Matt Roush: It's not the technology, it's the content. And there's so very much of it these days that it has changed the complexion of the Emmys perhaps irreversibly. There's no doubt these awards, more than most, are experiencing an existential crisis, because of the explosion of platforms and shows within them that have stolen the thunder from more traditional network TV. That's not likely to change. Which means, much like when the Oscars ignore box-office behemoths in favor of smaller and more personal movies far fewer have seen, you may not feel you have a rooting interest for programs you haven't been exposed to. But to answer your basic question, networks are not genres, and are not going to get their own category anytime soon. Emmy voters judge shows on their quality, not on where they can be seen or by how many. And as I've said numerous times before, Game of Thrones notwithstanding, the Emmys is not a popularity contest. If it were, it would be the People's Choice Awards.
While the euphoria surrounding Phoebe Waller-Bridge's wins was contagious, the broadcast might've had you questioning your love of TV.
Question: Each year I say I will not watch the Emmys any more due to regular TV shows being mostly ignored. Do they honestly believe that everyone is only watching cable stations or streaming shows into their home? I just cannot understand their reasoning. — David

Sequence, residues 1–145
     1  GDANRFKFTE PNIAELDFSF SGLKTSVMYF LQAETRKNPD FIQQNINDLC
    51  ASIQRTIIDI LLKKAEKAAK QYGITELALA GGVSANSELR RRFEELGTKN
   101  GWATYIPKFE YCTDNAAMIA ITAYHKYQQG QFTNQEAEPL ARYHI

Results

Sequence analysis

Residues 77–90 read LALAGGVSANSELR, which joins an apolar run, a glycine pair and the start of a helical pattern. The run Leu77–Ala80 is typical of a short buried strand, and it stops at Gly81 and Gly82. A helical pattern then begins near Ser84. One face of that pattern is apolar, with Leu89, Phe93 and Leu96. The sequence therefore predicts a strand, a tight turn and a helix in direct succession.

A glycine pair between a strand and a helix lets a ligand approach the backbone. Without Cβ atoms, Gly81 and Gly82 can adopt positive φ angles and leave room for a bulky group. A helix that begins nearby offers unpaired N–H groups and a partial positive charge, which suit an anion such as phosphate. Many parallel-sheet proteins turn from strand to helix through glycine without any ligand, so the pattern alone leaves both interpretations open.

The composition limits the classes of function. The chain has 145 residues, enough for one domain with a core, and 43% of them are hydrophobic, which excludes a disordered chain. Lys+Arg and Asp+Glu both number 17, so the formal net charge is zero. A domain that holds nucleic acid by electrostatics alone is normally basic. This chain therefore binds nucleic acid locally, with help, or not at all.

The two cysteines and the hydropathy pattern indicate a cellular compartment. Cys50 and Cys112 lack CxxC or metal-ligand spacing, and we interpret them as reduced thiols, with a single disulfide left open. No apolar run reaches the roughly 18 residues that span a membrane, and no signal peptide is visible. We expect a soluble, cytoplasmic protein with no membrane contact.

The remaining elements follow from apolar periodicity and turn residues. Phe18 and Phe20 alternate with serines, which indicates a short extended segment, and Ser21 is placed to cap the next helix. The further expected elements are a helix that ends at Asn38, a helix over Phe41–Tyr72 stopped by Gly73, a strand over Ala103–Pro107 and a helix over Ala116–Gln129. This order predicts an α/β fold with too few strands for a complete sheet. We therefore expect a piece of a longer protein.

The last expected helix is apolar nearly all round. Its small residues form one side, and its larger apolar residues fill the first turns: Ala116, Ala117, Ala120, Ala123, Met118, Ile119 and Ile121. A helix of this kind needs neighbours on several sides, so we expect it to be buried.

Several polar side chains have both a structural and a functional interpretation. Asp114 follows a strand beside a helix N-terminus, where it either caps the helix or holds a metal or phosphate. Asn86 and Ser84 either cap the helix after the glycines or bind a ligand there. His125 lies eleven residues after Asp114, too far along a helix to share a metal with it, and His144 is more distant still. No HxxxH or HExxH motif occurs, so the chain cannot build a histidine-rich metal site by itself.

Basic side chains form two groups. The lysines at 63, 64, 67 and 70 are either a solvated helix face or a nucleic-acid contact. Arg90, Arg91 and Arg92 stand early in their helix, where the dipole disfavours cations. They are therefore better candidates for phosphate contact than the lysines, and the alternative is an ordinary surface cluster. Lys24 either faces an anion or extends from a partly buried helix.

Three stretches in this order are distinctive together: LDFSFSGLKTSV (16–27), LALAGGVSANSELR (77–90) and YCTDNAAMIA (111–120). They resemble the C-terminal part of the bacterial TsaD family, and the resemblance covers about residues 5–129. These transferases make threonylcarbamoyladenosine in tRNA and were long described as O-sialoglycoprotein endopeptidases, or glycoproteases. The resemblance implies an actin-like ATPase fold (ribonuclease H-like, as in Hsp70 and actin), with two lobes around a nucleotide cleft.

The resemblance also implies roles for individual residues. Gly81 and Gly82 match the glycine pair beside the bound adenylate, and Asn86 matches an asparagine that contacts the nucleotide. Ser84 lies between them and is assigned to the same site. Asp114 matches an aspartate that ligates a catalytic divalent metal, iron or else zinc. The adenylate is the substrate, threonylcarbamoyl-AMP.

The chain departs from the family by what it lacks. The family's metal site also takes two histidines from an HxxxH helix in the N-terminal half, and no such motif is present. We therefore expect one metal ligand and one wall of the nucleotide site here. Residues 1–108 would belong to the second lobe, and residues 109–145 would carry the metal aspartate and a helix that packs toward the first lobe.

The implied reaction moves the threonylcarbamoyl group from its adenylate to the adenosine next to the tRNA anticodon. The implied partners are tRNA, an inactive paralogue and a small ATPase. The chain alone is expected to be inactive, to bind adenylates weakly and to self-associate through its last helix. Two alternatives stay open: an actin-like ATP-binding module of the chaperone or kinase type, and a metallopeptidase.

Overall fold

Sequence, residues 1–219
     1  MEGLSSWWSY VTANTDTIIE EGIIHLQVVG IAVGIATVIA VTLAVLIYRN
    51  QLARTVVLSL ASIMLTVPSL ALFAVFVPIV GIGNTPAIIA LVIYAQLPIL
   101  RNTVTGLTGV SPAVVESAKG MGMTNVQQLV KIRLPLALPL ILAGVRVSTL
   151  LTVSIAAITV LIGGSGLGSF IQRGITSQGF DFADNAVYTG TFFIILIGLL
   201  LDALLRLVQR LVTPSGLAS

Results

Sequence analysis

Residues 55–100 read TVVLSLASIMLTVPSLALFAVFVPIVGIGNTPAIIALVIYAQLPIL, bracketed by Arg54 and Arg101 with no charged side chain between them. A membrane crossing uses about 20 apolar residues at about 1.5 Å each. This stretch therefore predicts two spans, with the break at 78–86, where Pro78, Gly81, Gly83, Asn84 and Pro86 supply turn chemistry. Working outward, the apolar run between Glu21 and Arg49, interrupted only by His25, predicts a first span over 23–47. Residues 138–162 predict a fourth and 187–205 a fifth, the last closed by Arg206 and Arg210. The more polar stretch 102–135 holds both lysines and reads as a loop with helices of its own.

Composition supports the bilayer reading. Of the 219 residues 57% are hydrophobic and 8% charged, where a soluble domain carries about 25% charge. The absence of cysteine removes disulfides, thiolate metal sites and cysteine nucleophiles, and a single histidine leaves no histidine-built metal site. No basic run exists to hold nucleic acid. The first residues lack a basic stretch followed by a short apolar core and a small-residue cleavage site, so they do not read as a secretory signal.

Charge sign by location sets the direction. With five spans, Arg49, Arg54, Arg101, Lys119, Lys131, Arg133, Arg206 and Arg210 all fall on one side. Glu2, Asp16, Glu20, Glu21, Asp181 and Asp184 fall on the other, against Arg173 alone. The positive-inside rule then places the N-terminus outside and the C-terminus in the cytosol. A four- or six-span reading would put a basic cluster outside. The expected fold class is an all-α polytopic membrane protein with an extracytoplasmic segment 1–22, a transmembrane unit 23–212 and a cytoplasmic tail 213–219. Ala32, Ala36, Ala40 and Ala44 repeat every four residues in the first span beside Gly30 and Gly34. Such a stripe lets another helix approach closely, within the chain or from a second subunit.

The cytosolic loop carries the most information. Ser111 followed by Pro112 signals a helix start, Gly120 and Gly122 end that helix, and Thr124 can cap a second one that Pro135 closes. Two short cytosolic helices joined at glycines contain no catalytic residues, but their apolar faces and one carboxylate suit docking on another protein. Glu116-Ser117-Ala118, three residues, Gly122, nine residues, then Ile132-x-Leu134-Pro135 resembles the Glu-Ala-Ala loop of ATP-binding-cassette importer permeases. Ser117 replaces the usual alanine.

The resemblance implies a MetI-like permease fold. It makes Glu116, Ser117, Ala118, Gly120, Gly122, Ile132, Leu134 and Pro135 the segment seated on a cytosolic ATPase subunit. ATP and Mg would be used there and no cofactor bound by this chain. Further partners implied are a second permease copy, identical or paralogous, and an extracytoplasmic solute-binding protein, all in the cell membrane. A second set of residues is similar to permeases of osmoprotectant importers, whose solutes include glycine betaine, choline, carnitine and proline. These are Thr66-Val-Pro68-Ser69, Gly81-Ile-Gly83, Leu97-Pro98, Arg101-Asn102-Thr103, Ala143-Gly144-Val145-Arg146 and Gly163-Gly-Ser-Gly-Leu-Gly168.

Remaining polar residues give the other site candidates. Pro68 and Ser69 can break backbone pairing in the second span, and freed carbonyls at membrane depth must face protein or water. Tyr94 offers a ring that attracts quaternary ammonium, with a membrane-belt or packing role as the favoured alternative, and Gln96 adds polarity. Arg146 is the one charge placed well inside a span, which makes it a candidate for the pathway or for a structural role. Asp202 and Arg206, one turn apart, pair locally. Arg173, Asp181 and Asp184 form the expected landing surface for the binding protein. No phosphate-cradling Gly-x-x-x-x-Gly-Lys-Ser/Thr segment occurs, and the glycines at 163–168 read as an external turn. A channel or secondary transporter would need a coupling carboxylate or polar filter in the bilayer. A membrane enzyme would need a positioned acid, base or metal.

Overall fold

Matt Roush: This argument, which I hear all the time, underscores the difficulty the Emmys has in attracting the large audience it used to get. (Airing opposite football on a fall Sunday doesn't help.) The Emmys will continue to rotate among the broadcast networks for the foreseeable future, despite the irony of it all, because the TV Academy desires the broadest exposure (and the revenue). The producers would probably love it if more popular and mainstream shows would make the cut once in a while. They don't get a say. The best way to understand the reasoning is that the Emmy voters (who all work in the TV industry) lean toward shows that don't hew to formula, which works against roughly 80% of network TV. They're not voting for HBO or Netflix or Amazon, they're merely trying to acknowledge the highest-quality shows.
From future and current TV projects to big films.
Why This Fantasy Sounds Familiar
Question: The new show that's coming out on HBO, His Dark Materials, sounds just like the movie The Golden Compass. Is this new show based on that movie? I really loved that movie and was waiting for more to come, but read that there wouldn't be any more movies because of a bit of controversy about the subject matter. Can't wait to see the new show. — Laurie
Matt Roush: The HBO series, which premieres Nov. 4, isn't based on the movie, but both are adaptations of the same literary source material: Philip Pullman's fantasy trilogy, which is titled His Dark Materials, of which The Golden Compass was the first volume. HBO is obviously hoping its version goes a bit longer than the film franchise.
The cast and EP offer insight into the show's major players.
More Strikes Coming to Cinemax